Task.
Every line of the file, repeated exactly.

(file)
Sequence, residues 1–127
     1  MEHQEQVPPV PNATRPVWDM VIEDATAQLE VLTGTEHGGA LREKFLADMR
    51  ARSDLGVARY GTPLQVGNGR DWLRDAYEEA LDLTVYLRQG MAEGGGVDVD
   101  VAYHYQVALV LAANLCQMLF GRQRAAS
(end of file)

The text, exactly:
Sequence, residues 1–127
     1  MEHQEQVPPV PNATRPVWDM VIEDATAQLE VLTGTEHGGA LREKFLADMR
    51  ARSDLGVARY GTPLQVGNGR DWLRDAYEEA LDLTVYLRQG MAEGGGVDVD
   101  VAYHYQVALV LAANLCQMLF GRQRAAS